In response, the Govt decided that Habeas Corpus – ‘bring me the body’ – that was a Common law writ used when it was thought that a prisoner had been unlawfully imprisoned without trial and sentence, and which was generally used to require the prisoner to be brought to trial, was suspended in 1794.  Of course, if you don’t have any real evidence but just suspicions that this person is a rebel or is undertaking treasonable acts, then you don’t want to have to produce him.

By the early 1800s Thomas Spence had established himself as the unofficial leader of those Radicals who advocated revolution and similarly to current revolutionary cells, there was no central organisation, merely local groups which were autonomous. There was an argument that “if all the land in Britain was shared out equally, there would be enough to give every man, woman and child seven acres each”. The group of people who followed Thomas Spence were known as Spenceans. Whilst many who advocated reform at this time were peaceful, others were not and by 1820 a number of violent events had been planned – all were foiled by the use of police spies.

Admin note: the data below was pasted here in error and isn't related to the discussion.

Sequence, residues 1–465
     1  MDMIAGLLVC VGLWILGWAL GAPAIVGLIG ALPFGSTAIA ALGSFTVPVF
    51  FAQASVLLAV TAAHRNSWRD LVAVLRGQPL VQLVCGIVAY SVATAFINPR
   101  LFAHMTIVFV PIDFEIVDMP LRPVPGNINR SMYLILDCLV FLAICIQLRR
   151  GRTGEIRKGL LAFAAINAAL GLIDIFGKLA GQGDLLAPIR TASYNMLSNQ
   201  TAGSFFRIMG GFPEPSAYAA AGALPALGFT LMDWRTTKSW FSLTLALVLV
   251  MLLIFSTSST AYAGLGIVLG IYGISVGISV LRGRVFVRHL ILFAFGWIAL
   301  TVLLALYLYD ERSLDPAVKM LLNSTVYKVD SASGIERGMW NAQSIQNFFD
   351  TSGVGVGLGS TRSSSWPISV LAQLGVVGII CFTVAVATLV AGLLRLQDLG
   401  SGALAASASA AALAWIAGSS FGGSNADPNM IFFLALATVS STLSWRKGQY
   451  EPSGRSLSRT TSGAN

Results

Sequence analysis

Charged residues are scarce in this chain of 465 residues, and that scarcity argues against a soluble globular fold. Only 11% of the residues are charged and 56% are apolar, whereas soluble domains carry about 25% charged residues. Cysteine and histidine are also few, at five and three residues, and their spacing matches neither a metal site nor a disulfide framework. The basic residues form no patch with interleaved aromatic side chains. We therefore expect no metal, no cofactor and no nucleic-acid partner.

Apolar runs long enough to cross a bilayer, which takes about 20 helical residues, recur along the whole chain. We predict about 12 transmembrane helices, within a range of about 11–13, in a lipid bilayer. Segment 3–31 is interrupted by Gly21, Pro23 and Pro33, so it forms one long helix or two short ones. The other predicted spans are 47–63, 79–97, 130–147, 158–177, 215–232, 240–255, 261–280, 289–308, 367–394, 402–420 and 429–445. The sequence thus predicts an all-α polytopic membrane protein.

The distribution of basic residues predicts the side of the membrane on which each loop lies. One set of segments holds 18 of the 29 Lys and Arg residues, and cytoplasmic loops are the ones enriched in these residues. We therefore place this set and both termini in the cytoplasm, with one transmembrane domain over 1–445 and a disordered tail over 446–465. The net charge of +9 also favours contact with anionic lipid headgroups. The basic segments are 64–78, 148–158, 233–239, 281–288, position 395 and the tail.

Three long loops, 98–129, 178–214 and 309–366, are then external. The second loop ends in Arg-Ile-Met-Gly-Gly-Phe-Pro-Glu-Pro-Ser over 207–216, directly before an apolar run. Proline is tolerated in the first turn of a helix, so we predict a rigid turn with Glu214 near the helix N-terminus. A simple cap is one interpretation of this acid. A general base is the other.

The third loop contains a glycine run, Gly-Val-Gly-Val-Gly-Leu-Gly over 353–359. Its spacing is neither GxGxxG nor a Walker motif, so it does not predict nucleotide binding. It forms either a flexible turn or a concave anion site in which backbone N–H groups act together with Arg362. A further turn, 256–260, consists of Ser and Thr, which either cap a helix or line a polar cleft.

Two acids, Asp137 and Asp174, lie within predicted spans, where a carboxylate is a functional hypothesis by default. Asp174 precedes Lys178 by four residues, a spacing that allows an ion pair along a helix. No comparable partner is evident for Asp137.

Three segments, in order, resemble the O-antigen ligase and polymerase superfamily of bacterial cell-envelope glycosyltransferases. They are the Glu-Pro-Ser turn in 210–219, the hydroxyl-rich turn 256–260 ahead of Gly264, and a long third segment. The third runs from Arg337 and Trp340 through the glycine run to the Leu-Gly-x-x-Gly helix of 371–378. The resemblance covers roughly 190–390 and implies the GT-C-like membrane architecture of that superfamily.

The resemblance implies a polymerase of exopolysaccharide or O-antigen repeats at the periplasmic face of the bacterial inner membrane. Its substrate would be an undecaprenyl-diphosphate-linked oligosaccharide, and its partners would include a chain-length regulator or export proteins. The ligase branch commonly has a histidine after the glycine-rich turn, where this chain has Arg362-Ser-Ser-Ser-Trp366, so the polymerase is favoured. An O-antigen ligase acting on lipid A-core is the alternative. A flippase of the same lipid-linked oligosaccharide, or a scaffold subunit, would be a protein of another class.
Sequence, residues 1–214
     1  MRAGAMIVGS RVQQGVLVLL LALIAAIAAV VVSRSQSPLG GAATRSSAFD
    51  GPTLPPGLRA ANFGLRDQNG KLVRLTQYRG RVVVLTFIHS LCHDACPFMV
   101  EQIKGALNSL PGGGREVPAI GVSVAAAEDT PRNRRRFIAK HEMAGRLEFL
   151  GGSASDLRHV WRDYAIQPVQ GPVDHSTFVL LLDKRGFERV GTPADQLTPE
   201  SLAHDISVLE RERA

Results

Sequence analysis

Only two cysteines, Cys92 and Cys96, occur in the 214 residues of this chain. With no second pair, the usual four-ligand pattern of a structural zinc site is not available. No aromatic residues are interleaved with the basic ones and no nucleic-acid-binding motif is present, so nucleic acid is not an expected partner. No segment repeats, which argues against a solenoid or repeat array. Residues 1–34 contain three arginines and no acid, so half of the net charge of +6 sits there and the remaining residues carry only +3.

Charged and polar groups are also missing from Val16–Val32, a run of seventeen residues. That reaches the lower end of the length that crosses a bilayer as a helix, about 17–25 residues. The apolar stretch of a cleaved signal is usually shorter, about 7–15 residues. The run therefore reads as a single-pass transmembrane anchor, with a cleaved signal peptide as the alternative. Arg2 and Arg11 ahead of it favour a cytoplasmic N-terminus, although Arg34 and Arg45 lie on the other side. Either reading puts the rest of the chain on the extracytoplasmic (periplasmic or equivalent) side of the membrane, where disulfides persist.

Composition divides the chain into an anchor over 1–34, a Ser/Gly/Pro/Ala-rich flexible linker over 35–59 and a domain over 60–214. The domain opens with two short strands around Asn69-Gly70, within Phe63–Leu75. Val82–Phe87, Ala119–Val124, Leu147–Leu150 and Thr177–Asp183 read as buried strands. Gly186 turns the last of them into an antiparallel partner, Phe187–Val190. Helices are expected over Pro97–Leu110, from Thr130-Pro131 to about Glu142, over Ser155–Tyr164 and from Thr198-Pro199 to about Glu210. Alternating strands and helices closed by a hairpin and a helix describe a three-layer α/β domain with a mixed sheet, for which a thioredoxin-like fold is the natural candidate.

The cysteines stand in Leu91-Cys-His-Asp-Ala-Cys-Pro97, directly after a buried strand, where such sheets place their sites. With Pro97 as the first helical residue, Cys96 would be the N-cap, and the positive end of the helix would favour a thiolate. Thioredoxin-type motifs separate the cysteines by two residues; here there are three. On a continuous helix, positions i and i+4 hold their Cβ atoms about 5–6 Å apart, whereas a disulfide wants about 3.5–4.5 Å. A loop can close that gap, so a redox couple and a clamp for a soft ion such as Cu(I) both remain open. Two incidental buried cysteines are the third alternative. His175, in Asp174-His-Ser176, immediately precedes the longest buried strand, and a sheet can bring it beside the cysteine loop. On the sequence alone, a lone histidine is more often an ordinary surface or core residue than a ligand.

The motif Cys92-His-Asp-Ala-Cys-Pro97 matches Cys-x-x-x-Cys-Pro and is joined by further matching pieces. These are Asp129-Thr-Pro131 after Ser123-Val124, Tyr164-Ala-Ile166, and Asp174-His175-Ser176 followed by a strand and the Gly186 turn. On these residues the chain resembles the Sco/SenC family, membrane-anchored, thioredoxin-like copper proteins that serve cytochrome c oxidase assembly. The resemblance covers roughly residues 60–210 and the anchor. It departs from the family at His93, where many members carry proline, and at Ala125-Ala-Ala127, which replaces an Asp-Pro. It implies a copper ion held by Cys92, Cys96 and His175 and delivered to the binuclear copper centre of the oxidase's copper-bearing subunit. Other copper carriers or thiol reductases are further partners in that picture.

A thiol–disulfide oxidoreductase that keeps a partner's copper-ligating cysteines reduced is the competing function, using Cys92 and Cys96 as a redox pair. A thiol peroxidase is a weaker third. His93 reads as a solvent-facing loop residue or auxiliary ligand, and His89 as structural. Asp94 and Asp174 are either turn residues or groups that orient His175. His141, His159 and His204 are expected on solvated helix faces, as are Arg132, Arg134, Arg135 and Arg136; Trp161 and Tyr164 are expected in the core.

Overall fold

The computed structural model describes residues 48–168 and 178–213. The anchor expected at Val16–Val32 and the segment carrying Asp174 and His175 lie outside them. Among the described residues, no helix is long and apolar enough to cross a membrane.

All this political unrest and the use of Govt spies provides a nice ‘spindle’ from which this story can be spun.

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Night-time is when you…..

One Night of Surrender Book Cover One Night of Surrender
(Wicked Dukes Club Book 2)
Darcy Burke
historical romance, Regency
Darcy Burke Publishing
30 Apr 2019

After one passionate night a decade ago, Valentine Fairfax, Duke of Eastleigh, never forgot Isabelle, the intelligent, witty and forbidden daughter of a head of college at Oxford. However, since suffering a disastrous marriage to an unfaithful wife, the duke has vowed never to succumb to temptation again. Until the day he discovers his friend’s governess is the one woman who still haunts his dreams.

Once penniless, Isabelle Cortland has finally saved enough money to finance a school for impoverished girls. But when a chance encounter rekindles buried desires, Isabelle knows she can’t be a duke’s mistress and a headmistress at the same time. No longer a naïve girl, Isabelle won’t repeat the past. Not even for one night of surrender...

A series in conjunction with Erica Ridley (an author I have read extensively, and thus was comparing) about certain ‘Wicked’ Dukes, their friends, and their romances.

An enjoyable tale, written competently but I found it too short for me. It could easily have been several pages longer in my opinion and then a more complex story could have been told. Whilst following the usual trope of ups and downs of a romance that we expect I was not sure that this book has quite the story-telling sophistication that for me is needed when re-telling Regency romances for the modern day. However, I’m more than happy to try another novel by this author. It is often awkward when joining in a series written by another author.